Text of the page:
Gerard Manley Hopkins

(1844 - 1889)


Hopkins has vision, power, originality.


Thou Art Indeed Just, Lord

Justus quidem tu es, Domine, si disputem tecum; verumtamen
justa loquar ad te: quare via impiorum prosperatur?

Thou art indeed just, Lord, if I contend
With thee; but, sir, so what I plead is just.
Why do sinners’ ways prosper? and why must
Disappointment all I endeavour end?
Wert thou my enemy, O thou my friend,
How wouldst thou worse, I wonder, than thou dost
Defeat, thwart me? Oh, the sots and thralls of lust
Do in spare hours more thrive than I that spend,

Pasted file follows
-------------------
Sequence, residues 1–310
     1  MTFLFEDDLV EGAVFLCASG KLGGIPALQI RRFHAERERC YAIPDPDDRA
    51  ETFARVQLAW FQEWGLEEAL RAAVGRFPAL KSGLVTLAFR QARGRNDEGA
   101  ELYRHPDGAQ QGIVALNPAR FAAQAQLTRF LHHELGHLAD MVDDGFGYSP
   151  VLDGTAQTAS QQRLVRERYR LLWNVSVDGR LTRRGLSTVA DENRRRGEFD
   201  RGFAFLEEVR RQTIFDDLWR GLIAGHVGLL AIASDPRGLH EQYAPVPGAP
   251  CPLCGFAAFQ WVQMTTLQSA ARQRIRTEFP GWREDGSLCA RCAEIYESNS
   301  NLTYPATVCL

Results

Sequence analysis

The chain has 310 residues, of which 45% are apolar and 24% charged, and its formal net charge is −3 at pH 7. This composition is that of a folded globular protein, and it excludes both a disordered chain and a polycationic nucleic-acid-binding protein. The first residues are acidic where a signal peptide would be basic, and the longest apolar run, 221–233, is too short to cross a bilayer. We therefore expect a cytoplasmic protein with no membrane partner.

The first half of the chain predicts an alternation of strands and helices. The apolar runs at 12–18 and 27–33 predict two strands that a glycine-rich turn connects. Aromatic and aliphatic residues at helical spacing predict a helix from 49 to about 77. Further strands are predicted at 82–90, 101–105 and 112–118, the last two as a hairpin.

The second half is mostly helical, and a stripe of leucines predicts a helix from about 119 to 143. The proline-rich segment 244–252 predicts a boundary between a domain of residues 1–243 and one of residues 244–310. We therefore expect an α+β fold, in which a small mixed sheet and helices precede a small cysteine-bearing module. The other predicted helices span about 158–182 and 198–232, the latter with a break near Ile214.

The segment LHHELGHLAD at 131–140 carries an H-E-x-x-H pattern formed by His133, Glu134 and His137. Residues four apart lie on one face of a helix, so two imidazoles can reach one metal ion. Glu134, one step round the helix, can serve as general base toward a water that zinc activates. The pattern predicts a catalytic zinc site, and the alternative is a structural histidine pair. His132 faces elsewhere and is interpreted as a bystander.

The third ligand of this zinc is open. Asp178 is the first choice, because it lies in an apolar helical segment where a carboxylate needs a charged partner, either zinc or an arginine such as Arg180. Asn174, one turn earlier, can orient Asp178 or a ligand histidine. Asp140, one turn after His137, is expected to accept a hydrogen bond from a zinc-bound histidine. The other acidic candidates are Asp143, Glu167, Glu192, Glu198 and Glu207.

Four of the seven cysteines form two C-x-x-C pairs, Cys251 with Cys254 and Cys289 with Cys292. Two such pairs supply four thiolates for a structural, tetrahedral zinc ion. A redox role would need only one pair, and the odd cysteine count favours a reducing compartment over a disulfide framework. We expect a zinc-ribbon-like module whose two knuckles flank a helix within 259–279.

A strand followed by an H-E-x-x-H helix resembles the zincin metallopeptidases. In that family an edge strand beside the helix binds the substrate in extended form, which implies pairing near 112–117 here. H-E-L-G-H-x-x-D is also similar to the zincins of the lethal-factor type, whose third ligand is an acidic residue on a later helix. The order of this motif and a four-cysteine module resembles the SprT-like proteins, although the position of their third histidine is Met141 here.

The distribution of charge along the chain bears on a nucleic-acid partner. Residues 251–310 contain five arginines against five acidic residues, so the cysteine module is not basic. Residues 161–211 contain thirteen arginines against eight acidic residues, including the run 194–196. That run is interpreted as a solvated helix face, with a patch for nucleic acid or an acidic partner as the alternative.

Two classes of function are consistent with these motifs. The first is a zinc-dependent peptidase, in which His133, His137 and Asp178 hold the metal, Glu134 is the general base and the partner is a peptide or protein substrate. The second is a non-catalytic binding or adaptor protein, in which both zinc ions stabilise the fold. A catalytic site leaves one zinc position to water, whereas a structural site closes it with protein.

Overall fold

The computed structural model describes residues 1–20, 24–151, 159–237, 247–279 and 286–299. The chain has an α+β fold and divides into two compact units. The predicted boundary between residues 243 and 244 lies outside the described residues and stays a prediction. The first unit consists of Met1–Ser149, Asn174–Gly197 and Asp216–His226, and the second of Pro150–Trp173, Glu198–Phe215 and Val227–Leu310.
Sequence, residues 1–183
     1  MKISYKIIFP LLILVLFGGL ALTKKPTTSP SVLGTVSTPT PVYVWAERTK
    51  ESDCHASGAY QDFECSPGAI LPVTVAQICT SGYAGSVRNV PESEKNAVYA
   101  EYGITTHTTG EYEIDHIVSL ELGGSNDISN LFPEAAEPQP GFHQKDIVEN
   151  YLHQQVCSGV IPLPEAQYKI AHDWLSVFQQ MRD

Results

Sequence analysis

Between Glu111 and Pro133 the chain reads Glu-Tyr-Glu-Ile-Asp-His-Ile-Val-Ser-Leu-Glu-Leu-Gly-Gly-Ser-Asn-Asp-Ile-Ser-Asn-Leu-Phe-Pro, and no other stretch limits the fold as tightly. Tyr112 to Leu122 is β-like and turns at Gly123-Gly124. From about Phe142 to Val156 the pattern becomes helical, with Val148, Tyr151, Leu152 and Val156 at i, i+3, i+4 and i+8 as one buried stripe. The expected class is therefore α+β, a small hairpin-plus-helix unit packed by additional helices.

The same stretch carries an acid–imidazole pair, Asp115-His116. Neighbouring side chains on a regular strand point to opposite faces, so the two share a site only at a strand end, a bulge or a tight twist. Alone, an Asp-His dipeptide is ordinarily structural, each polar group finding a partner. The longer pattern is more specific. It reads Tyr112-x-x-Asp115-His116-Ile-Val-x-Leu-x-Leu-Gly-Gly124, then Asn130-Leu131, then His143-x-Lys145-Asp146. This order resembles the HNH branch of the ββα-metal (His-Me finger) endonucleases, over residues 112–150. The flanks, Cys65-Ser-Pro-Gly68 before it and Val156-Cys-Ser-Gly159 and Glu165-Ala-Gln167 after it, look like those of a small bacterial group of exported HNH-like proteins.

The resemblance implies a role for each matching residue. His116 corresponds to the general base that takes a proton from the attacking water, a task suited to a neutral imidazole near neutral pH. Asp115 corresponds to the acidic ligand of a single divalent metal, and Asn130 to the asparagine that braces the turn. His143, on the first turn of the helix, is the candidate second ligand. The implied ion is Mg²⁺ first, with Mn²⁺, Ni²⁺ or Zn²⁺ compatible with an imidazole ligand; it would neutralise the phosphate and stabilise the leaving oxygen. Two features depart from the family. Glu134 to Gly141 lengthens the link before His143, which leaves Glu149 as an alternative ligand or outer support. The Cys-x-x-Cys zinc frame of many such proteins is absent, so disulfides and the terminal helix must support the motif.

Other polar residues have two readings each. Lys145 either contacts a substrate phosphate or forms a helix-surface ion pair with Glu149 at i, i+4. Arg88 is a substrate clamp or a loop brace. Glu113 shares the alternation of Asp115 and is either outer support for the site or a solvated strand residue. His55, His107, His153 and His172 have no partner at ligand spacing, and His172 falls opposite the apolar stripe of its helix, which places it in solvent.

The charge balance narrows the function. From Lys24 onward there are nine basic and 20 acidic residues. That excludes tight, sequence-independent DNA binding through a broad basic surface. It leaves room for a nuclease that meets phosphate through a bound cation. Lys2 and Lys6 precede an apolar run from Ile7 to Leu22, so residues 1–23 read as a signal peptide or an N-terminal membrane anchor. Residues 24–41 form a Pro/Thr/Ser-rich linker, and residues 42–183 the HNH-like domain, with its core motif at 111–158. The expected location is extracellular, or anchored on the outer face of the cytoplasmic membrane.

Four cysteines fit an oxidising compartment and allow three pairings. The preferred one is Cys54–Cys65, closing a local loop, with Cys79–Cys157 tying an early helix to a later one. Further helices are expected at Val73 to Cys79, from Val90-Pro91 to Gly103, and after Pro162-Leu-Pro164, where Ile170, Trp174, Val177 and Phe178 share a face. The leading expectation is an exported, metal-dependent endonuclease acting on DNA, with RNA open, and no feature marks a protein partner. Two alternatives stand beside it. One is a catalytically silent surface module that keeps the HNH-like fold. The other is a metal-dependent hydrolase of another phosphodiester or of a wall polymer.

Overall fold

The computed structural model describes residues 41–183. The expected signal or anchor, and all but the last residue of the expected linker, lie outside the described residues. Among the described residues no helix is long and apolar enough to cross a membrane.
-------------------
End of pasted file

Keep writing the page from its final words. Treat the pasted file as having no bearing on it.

Sir, life upon thy cause. See, banks and brakes
Now, leavèd how thick! lacèd they are again
With fretty chervil, look, and fresh wind shakes
Them; birds build — but not I build; no, but strain,
Time’s eunuch, and not breed one work that wakes.
Mine, O thou lord of life, send my roots rain.

Sri Aurobindo’s remarks:

«Hopkins is a poet. He has vision, power, originality; but his technique errs by excess; he piles on you his effects, repeats, exaggerates and in the end it is perhaps great in effort, but not great in success. Much material is there, many new suggestions, but not a work realised, not a harmoniously perfect whole.»